TAMPA, Fla. — While preventing domestic violence is always the goal, it isn’t always realistic, which is why community partnerships to help perfect the response to these situations is all the more important.
When it comes to victim safety and prosecuting offenders, local agencies are always working to make improvements. That’s the job of the Coordinated Community Response (CCR) team in Hillsborough County, led by Tenille Myslicki from The Spring of Tampa Bay.
“Before, we were really operating in our silos, we were all doing important work, but like individually, with our own team, with our own area, and so this really gives us an opportunity to come together, come to the same tables and discuss what we can do to make improvements,” said Tenille Myslicki, Coordinated Community Response Manager with The Spring of Tampa Bay.
Through funding from the Department of Justice’s Office on Violence Against Women back in 2018, Hillsborough County received a grant that they then passed along to The Spring of Tampa Bay in an effort to fill in the gaps and improve the response to domestic violence in our area. A big part of that is training.
“We’ve trained over 5,000 stakeholders in just a two year period, and one of the gaps we identified was that there wasn’t a lot of training on strangulation in our system, and we know that’s a precursor to eventual domestic violence homicide,” said Myslicki.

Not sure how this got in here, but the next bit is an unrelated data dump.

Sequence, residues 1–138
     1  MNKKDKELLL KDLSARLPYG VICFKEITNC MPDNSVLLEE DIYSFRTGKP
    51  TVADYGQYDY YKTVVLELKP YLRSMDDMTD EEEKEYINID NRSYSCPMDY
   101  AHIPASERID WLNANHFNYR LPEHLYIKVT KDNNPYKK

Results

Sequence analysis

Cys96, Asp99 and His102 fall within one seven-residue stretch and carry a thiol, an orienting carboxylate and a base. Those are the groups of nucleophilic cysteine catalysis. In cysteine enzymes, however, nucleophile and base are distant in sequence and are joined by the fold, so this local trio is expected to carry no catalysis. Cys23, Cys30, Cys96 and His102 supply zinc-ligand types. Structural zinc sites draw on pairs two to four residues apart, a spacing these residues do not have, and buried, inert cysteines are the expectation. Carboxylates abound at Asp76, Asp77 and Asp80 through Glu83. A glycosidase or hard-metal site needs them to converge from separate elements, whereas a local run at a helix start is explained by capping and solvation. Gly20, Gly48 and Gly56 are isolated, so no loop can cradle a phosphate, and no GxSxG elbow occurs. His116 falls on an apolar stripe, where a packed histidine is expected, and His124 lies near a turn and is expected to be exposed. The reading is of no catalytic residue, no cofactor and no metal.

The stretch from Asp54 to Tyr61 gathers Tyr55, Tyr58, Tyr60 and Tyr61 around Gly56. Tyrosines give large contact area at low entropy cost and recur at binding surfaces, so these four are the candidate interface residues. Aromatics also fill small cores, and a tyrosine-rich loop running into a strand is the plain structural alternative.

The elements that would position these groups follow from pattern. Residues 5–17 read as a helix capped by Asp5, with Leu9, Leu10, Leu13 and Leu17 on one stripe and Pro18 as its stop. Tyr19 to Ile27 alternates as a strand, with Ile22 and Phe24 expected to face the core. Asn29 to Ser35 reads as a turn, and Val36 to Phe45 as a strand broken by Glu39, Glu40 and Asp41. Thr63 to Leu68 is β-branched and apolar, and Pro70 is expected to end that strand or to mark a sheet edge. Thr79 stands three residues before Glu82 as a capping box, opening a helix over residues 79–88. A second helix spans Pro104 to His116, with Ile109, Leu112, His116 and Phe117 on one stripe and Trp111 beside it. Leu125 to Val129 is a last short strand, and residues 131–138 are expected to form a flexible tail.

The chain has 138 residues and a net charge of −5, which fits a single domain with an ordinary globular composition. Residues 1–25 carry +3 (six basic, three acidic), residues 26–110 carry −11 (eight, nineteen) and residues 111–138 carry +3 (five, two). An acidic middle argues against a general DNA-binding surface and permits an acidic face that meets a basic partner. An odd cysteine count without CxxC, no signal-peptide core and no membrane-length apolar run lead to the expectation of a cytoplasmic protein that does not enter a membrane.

This includes training for law enforcement, domestic violence centers like The Spring, the State Attorney’s Office, the Public Defender’s Office, and a list of others.
“Domestic violence is a serious issue, that’s one of the top priorities of our office, but unfortunately we do have hundreds if not thousands of other cases that we’re dealing with, so while it may be something that individual state attorneys want to work on, having somebody like Tenille, whose sole job it is to bring all of these agency partners together, and kind of hold us accountable almost in a way,” said Elizabeth Muller, Assistant State Attorney in Hillsborough County.
The Coordinated Community Response team is made up of dozens of members who meet monthly to go over what improvements need to be made.
“One of the things we looked at is how we could better prosecute the cases without the victims cooperation. Because like we said, while it’s important, and we want them to be on board, we want to make sure that we’re holding these offenders accountable regardless of putting that pressure on the victim,” said Muller.
They’ve also made improvements to the ‘no contact order,’ providing more information to the offender about what things they’re not supposed to do.
They’re steps in the right direction, and fortunately, the Department of Justice has extended their funding through September of 2022, and they’re hopeful they can continue their work from there.
“There’s so much more that still needs to happen, and I think that we’ll get there. I do think it will take longer than 3 years, 4 years,” said Myslicki.
If you or someone you know is a victim of domestic violence they want to remind you there are resources available.
The Spring of Tampa Bay has a 24 hour crisis hotline you can reach by calling or texting 813-247-SAFE.
They can also help provide you with shelter or legal representation.